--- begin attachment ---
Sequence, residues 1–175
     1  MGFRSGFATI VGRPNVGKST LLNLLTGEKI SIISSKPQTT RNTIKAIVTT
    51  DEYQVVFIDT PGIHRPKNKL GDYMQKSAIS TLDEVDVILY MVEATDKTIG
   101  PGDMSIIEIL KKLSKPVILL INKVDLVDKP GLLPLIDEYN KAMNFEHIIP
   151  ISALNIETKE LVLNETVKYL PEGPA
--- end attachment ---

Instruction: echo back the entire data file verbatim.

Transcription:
Sequence, residues 1–175
     1  MGFRSGFATI VGRPNVGKST LLNLLTGEKI SIISSKPQTT RNTIKAIVTT
    51  DEYQVVFIDT PGIHRPKNKL GDYMQKSAIS TLDEVDVILY MVEATDKTIG
   101  PGDMSIIEIL KKLSKPVILL INKVDLVDKP GLLPLIDEYN KAMNFEHIIP
   151  ISALNIETKE LVLNETVKYL PEGPA